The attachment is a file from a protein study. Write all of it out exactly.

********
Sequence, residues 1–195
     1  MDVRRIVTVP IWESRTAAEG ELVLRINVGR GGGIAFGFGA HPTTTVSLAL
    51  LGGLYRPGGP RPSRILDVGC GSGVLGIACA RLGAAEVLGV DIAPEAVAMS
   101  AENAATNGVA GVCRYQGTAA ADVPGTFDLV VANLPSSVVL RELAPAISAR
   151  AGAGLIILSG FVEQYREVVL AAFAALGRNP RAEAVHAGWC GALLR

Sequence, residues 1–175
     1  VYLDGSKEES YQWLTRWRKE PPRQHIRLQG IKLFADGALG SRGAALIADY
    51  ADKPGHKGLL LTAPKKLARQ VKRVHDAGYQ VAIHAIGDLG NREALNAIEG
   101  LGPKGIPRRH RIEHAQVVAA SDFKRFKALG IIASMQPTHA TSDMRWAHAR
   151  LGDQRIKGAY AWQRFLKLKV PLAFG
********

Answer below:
Sequence, residues 1–195
     1  MDVRRIVTVP IWESRTAAEG ELVLRINVGR GGGIAFGFGA HPTTTVSLAL
    51  LGGLYRPGGP RPSRILDVGC GSGVLGIACA RLGAAEVLGV DIAPEAVAMS
   101  AENAATNGVA GVCRYQGTAA ADVPGTFDLV VANLPSSVVL RELAPAISAR
   151  AGAGLIILSG FVEQYREVVL AAFAALGRNP RAEAVHAGWC GALLR

Sequence, residues 1–175
     1  VYLDGSKEES YQWLTRWRKE PPRQHIRLQG IKLFADGALG SRGAALIADY
    51  ADKPGHKGLL LTAPKKLARQ VKRVHDAGYQ VAIHAIGDLG NREALNAIEG
   101  LGPKGIPRRH RIEHAQVVAA SDFKRFKALG IIASMQPTHA TSDMRWAHAR
   151  LGDQRIKGAY AWQRFLKLKV PLAFG